If he had bothered to read the article:
From the abstract of Lanigan RS; Yamarik TA Int J Toxicol. 2002 , 21 Suppl 2, 95-142.

"The lowest dose reported to cause a toxic effect in animals was 750 mg/kg/day . These chelating agents are cytotoxic and weakly genotoxic, but not carcinogenic ."

On top of that, he never mentions the rather high amount of EDTA that would have to be consumed.

At that level no suprise it is cytotoxic. It is a metal chelator, which means it disrupts the ion gradient by chelating the ions. Cells use this gradient to create instant ATP in a simple cycle. Destroy this gradient, cells die.

RE: Fear Mongering
By JonnyDough on 11/9/2008 11:43:32 PM , Rating: 2
I know you're too full of yourself to bother to read that so let me reiterate. World hunger is NOT a political problem. World hunger is a CAPITALIST problem. Simply put, the money exists but cannot get to those who need because of EDUCATION, because of ECONOMY, and because rich jerks like you think that it is FOREIGN governments that are suppressing their own people. Does that happen? Yes. But it is NOT a government's duty to feed it's people. It's a government's duty to GOVERN the people. It is not the same thing. I'm not sure how you thought that suddenly the world can sustain all human life, it is simply not so. We are constantly reproducing beyond our means. Times have not suddenly changed over the last few hundred years, despite agricultural advances. Humans have always pushed the limits of numbers, it's why I we need to learn to limit our numbers through education (not through killing citizens, I never said that so please don't put words in my mouth there either like you've done before).

Please take your crazy conservative bullcrap to another site. People reading this might be considerably wealthier than a lot of the world, but they're not so complacent that we're all going to buy your fud just because you're a DT admin.

RE: Fear Mongering
By masher2 on 11/10/2008 12:02:43 AM , Rating: 2
> "We are constantly reproducing beyond our means"

Again, your beliefs don't correspond even remotely with the facts. World population is double what it was just 50 years ago, yet we're better fed, housed, clothed, and cared for medically than ever before in all history.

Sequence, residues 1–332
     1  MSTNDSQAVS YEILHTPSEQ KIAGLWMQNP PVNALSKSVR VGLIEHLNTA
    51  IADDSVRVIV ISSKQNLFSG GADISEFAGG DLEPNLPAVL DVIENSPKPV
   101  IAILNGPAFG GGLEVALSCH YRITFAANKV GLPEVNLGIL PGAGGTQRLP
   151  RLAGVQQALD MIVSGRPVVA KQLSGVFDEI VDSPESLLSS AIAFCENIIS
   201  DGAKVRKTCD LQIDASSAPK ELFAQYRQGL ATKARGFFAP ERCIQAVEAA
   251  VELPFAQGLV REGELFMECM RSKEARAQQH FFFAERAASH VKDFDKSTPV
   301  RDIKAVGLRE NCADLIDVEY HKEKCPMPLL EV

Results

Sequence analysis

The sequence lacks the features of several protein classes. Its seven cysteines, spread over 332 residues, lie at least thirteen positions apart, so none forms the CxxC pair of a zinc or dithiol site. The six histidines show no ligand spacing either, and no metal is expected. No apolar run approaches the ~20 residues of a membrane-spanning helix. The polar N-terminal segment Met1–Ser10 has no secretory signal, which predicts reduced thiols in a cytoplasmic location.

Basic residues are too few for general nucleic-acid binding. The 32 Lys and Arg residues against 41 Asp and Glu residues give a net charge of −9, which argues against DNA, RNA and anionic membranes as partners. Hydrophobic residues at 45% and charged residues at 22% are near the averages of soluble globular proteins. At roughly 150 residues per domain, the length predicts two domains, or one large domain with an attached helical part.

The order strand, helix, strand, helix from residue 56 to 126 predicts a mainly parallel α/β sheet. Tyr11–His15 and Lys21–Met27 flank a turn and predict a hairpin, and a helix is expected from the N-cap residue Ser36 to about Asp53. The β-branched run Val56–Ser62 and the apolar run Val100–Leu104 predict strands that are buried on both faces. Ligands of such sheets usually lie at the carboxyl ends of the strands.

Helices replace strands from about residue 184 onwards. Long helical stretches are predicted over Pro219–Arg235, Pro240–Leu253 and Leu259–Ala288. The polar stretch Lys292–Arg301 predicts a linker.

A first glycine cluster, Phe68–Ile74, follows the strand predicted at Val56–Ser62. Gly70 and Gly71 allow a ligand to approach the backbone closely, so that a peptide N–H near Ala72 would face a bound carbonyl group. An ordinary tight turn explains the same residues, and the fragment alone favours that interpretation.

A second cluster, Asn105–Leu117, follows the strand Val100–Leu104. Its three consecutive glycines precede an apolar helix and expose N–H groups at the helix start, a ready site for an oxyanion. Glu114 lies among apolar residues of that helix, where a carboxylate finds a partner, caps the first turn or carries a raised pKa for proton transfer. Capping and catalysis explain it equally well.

Take a look at the fertility rates of world nations. Most of Europe and the industrialized parts of Asia have very low births -- many aren't even high enough to sustain their own population, much less increase it.

Japan, Taiwan, Poland, Italy, Spain, Greece, Austria, Russia, Ukraine, Germany, Switzerland, Belgium, Canada, Sweden, Finland, Ireland, Australia, Thailand -- none of them are even having enough children to hold their current population, much less increase it.

Now, what nations have the highest birth rates? Mali, Niger, Somalia, Liberia, Afghanistan, Congo, Yemen -- rates 3, 4, even 5 times higher than the ones named earlier. All nations without a shred of capitalism, industry, or our modern society...for which we depend on the chemical industry utterly.

Source data at:

RE: Fear Mongering
By Reclaimer77 on 11/10/2008 10:28:21 PM , Rating: 2
World hunger is NOT a political problem. World hunger is a CAPITALIST problem.

Now I know you're an idiot.

Mash has you all figured out. He had you beat 5 posts ago, and the more you talk, the stupider we all are for having read it.

RE: Fear Mongering
By arazok on 11/10/2008 10:43:48 PM , Rating: 2

I have never seen a person so exceptionally wrong on so many points within such a short span of words.

You sir, need to get your head out of your ass.

RE: Fear Mongering
By Reclaimer77 on 11/10/2008 10:43:57 PM , Rating: 2
It's a government's duty to GOVERN the people.

More idiocy. Wrong, sir. Its the governments duty to provide a stable and secure infrastructure, secure borders, and the necessary social services ( fire, police etc etc ) needed to maintain the nation.

Duty to GOVERN the people ? I'm really surprised at how many idiots like you are on DT who seem to enjoy, nay, relish the idea of being governed and dominated and controlled by governments. Its no wonder Obama won in a landslide.

Please take your crazy conservative bullcrap to another site.

Likewise with this assinine socialist drivel.

RE: Fear Mongering
By unpocoloco on 11/13/2008 12:33:43 AM , Rating: 2
what you list are for a lucky "few", you among them,
In human terms,there have never been so much suffering EVER, how many are we today? 6.6 billions? i bet you that more people today live under the circumstances you described than all those who lived at one time in the 17th Century.

"So if you want to save the planet, feel free to drive your Hummer. Just avoid the drive thru line at McDonalds." -- Michael Asher